In chapter 14 Job seems to bookend hope with despair. He starts in the first six verses wondering aloud whether or not God could just let humans be. Their lives are miserable and short, why can't we at least be allowed to enjoy the time we're given without suffering. An understanding of the finite nature of life can lead to two outcomes. 1) Eat, drink and be merry for tomorrow we die, or 2) Do something to make your mark because in the end when you're gone, well, you're gone. Either way, their is little redeeming in this life.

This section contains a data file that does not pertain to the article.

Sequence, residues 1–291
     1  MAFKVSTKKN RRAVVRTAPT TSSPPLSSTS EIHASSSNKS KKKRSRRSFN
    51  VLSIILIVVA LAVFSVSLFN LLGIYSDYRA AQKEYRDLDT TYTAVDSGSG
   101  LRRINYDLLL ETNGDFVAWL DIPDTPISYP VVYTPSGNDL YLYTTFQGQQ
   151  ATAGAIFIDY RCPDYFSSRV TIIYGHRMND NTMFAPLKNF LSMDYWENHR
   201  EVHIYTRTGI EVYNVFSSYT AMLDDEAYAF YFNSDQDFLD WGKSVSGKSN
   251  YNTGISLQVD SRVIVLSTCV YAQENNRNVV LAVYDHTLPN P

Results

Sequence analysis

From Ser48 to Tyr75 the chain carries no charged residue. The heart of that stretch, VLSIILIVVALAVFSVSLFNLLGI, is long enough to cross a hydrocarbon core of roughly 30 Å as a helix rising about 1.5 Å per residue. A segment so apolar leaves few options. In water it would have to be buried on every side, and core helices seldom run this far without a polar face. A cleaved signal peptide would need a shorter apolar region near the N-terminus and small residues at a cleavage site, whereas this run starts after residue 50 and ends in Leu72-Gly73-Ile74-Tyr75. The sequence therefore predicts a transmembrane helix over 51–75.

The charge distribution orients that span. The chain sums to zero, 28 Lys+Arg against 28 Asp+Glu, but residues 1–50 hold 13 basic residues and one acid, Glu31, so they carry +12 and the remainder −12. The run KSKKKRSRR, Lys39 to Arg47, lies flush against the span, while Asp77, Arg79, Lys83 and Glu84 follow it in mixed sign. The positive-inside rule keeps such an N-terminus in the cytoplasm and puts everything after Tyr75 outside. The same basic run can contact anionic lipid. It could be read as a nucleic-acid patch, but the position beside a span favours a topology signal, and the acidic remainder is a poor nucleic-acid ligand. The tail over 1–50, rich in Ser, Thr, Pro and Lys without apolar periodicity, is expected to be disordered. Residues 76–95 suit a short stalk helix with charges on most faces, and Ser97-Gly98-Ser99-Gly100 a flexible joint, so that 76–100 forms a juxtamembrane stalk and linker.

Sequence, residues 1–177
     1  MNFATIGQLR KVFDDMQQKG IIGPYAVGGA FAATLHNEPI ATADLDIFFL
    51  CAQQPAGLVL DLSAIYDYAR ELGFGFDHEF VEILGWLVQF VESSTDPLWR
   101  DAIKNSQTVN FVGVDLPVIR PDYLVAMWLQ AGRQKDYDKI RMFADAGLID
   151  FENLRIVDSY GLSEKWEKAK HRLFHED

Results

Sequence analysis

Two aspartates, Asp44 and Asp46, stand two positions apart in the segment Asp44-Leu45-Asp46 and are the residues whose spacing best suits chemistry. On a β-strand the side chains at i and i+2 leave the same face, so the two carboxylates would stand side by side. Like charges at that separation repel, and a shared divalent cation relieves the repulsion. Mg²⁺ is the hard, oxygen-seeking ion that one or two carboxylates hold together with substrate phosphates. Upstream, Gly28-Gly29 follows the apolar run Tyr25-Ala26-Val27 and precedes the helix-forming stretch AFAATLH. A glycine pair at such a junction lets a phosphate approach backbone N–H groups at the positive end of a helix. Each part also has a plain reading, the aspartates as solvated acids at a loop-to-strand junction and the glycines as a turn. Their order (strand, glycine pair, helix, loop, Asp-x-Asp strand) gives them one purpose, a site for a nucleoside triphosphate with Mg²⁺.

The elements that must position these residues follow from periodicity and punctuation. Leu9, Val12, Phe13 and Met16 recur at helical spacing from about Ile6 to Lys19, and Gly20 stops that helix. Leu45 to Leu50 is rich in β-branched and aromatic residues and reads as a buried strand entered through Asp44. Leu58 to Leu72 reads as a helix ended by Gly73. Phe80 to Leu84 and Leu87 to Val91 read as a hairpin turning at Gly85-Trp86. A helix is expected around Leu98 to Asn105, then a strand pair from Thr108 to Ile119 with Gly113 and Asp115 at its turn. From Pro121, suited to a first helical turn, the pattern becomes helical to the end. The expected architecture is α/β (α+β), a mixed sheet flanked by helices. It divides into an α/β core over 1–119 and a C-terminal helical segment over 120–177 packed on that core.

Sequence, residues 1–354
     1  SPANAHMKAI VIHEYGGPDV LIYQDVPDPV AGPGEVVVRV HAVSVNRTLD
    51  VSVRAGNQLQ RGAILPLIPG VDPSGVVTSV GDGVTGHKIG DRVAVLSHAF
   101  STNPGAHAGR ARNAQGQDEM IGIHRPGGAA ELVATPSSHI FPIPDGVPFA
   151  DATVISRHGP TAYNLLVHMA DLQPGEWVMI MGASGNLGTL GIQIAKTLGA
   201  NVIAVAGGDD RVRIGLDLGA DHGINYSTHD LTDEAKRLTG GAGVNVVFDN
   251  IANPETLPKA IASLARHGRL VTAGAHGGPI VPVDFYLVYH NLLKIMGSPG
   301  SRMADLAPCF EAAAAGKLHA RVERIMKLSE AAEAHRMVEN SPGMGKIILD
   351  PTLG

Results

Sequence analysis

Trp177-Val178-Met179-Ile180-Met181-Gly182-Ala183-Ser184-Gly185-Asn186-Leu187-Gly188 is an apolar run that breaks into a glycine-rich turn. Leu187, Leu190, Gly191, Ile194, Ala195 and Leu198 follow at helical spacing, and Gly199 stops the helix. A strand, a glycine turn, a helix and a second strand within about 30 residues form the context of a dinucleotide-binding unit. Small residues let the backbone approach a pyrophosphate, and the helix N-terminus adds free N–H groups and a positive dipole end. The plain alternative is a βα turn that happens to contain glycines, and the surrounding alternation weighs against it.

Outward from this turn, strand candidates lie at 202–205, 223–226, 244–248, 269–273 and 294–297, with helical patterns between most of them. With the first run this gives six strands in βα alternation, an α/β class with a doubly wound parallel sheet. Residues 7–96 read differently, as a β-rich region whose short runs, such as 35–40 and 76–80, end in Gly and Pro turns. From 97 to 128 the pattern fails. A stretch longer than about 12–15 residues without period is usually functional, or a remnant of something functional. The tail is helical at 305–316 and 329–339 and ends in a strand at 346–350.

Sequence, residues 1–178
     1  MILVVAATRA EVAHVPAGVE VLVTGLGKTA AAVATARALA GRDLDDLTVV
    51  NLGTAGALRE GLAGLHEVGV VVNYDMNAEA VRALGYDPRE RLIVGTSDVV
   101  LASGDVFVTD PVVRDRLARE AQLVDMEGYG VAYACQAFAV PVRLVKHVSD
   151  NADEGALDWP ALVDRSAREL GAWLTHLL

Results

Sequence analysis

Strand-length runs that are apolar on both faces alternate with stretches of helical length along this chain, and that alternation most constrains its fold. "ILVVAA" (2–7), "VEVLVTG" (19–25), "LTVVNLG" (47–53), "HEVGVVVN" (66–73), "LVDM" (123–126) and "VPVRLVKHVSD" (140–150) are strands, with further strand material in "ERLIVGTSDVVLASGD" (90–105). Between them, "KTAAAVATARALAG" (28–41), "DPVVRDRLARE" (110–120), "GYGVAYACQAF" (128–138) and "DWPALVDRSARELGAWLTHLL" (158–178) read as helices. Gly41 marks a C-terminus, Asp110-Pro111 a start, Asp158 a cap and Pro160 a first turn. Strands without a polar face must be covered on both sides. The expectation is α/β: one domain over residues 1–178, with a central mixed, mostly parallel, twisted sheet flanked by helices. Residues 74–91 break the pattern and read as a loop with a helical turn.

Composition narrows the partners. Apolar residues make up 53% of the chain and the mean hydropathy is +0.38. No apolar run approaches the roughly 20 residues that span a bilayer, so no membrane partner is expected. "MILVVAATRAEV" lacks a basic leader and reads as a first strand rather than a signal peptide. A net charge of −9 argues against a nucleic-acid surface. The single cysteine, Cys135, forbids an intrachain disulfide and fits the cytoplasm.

But Job seems to take a little lesson from nature in verses 7-12. At least there is hope for a tree, even though it may be cut down, it can sprout again. Could it be true for man? He seems to pray for this in verses 13-17. He waits for his renewal, when God will call him from the grave, is there hope for humanity after all.
But he closes his response in verses 18-22 with little sense of hope. The suffering of this world leaves man concerned only for his own lot in life, leaving little room for hope of the eternal. I'm sure that Job's friends will have more words for this.